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Big Tech Companies Are Struggling With How To Best Police Their Platforms
Thursday, July 11, 2019
NPR's Audie Cornish talks with Joan Donovan, director of the Shorenstein Center's Technology and Social Change Research Project, about how tech platforms are approaching far-right social media posts.
AUDIE CORNISH, HOST:
We're going to take a closer look now at how those companies left out of the White House summit - namely Facebook, Google and Twitter - treat far-right content. Joan Donovan is a leading researcher in this area. She is with the Harvard Kennedy School's Shorenstein Center. Welcome to the program.
JOAN DONOVAN: Thank you for having me.
CORNISH: So what are some of the criteria these tech platforms use in deciding the content that will stay up, the content that they'll take down or even banning a user?
DONOVAN: So one of the ways in which they assess content has a lot to do with explicit calls for violence or explicit condemnation of known marginalized groups. So they will do this either by watching the content and making a summation, or people who viewed the content may flag that content, which then puts it into their content moderation system, and then it's up to a content moderator to decide if the content stays up or gets pulled down.
In terms of banning users, that usually takes a whole set of different processes, where a number of pieces of content or video have been flagged at different times. And usually, users are given usually three different strikes before they are banned as a user, and each strike comes with it - they pull back some of their different content features. They'll, you know, stop them from being able to monetize or to use advertising, and they'll stop them from being able to livestream. And then, in the final instance, they will remove the account entirely.
CORNISH: Is it too early to give a report card, say, for Facebook, Twitter or Google in terms of how these strategies are working?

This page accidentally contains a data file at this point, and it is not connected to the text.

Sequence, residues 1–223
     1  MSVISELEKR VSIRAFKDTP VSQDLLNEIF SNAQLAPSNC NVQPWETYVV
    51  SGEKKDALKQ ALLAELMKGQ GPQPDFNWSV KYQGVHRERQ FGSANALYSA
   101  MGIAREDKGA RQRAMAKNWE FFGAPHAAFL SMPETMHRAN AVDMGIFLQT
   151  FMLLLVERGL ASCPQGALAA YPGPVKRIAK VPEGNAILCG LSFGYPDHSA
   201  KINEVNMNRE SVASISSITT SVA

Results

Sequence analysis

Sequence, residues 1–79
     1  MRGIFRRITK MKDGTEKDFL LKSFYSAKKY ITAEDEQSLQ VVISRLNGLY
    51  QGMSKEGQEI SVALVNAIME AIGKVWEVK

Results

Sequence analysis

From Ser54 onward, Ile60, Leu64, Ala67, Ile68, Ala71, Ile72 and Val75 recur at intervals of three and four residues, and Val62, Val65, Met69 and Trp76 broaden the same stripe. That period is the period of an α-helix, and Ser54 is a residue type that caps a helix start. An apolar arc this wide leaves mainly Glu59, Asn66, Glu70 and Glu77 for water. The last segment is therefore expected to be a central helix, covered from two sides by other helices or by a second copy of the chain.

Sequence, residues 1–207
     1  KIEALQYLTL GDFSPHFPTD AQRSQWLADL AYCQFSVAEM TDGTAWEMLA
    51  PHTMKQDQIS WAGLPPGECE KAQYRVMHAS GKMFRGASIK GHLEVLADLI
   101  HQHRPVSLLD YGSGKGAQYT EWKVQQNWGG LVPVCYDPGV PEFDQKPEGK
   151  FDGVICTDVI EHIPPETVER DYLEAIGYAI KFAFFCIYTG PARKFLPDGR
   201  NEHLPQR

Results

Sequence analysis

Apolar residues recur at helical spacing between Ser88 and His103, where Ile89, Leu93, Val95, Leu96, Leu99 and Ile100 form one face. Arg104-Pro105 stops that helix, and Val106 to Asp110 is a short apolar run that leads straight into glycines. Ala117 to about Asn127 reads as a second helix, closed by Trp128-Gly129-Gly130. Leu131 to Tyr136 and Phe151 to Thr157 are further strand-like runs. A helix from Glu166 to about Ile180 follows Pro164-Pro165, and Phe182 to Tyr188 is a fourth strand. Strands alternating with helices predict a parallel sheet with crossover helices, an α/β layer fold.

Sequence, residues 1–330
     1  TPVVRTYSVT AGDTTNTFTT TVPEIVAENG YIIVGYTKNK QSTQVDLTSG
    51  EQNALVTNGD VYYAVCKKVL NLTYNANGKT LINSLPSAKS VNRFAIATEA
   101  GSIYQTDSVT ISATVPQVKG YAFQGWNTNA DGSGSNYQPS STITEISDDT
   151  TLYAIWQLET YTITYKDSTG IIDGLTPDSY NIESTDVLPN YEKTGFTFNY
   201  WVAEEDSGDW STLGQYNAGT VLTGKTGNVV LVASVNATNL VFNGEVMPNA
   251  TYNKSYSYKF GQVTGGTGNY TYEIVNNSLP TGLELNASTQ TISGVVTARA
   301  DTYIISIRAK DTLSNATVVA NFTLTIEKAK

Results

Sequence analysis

DONOVAN: I've been researching this for several years now, and it's only been in the last year that there's been acknowledgement from these corporations that there are significant problems with especially white supremacist content on their platforms.
It was a watershed moment in Internet history, as well as in American history, that what happened in the Unite the Right rally, where it was very easy to see how much of each platform had been leveraged in order to bring people out for that event. And as a result, platforms knew very concretely the role that their technology had played in organizing that hateful event and what eventually led to the death of two police officers and Heather Heyer.
CORNISH: Conservatives have argued that the strategies that these tech companies are using means that they are disproportionately targeted. President Trump has complained directly to the head of Twitter about this. Is there any truth to that?
DONOVAN: So when we talk about conservatives, we're not always talking explicitly about white supremacists, but we don't really actually know the extent to which these companies are targeting any specific subset of people. We know they're taking down millions of pieces of content over the course of a year, but we don't know specifically if there's any particular political bias in it.
What we do know is we have statistics that show that conservative media does very well on social media. Conservative media outlets are some of the top shares. And so we have a particular subset of people that are complaining about bias that we do not have evidence exists.
CORNISH: In the meantime, these social media platforms, these companies, what is their challenge going forward?
DONOVAN: These companies do need to come together on a set of rules and potentially enshrined in a kind of regulatory body that ensures that we get consistent content moderation across these platforms. What we know is, when a platform does tend to moderate a group, especially when Twitter started to moderate white supremacists on their platform, these white supremacists moved to other platforms. Ultimately, these corporations have to think about, well, what is the content moderation strategy? But also how do they enforce it across all of the platforms consistently so that you don't get this blowback effect?
CORNISH: That's Joan Donovan, director of the Technology and Social Change Research Project at Harvard Kennedy Shorenstein Center. Thank you for explaining it.
DONOVAN: Thank you.
(SOUNDBITE OF PINBACK'S "MICROTONIC WAVE") Transcript provided by NPR, Copyright NPR.View this story on npr.org
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